Go Back
Print this page

Food + Cooking

Strawberry Shortcake Season

Our own Kemp Minifie celebrates Father’s Day—and much more—with her essential recipe and reminiscences
Strawberry Shortcake Season

In my house, nothing says summer or Father’s Day like strawberry shortcake. That’s what my dad taught me, and it’s always been that way, as you can see from the column I wrote on this topic for the June 1993 issue of Gourmet. And don’t miss my updated strawberry shortcake recipe below. The family tradition—now on its fourth generation—hasn’t changed, but the recipe just gets better.

Strawberry Shortcake
originally published in “Forbidden Pleasures,” Gourmet, June 1993

By Kemp Miles Minifie

To my family, strawberry shortcake is, for most of the year, a forbidden pleasure—not because of the heavy cream but because of the strawberries. Supermarket fruit that knows no season will not do; this summer delight must be made with locally grown berries. Although technological advances have turned strawberries into a year–round commodity, nothing will ever compare to a freshly picked berry—sweetly succulent and red to the core. Whereas caviar and chocolate are always present to lead us into temptation, the very best of any fruit is rationed by Mother Nature herself.

My father should know: He was raised in an era when strawberries could be only a once–a–year indulgence. To this day, the thought of eating them in any month other than June—when those near his Washington, D.C., home are ripe—is anathema to him. And thanks to the proliferation of pick–it–yourself farms, he has been able to satisfy a craving for his favorite summer berry. Every year, when word finally comes from a nearby farm that the strawberries are ripe, nothing can get my father there fast enough. Outfitted in his expedition uniform of khaki trousers and matching shirt and topped off with a genuine pith helmet, he attacks the rows of strawberry plants like a big–game hunter stalking his prey. And, like a hunter, he relishes the hunt as much as the prize itself. His children and grandchildren slip immediately into the “one for me, one for the basket” method of picking, but my father rarely samples the goods, so intent is he on filling the quart containers.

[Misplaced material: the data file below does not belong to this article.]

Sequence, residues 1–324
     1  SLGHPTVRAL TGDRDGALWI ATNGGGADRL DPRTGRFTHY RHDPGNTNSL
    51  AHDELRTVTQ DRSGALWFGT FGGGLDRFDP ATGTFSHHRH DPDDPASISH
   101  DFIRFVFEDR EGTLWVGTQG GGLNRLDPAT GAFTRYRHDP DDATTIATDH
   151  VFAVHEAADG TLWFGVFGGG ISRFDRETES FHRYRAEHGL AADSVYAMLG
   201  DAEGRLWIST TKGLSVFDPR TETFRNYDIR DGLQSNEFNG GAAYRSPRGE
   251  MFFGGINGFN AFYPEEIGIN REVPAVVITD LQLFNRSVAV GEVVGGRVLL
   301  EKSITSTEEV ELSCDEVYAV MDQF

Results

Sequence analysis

If my father is persnickety about his strawberries, he is equally so on the subject of strawberry shortcake. The way his mother made it is the way he likes it. His version never resembles the high–rise, picture–perfect spongecake concoctions that twirl in coffee–shop windows, but no other rendition I’ve tasted can beat it. The secret, he says, is mashing the berries just enough to bring out their juice without crushing them into a pulp. The mash is then left to sit and “get better” while the biscuits are put in the oven. As the biscuits are cooling the cream is whipped until it is thickened but nowhere near stiff. (In recent years we’ve discovered that a touch of sour cream adds the tang and shine my father remembers in country cream.) When the elements are ready, the biscuits are fork–split, drowned with strawberry mash, and dolloped with hillocks of creams.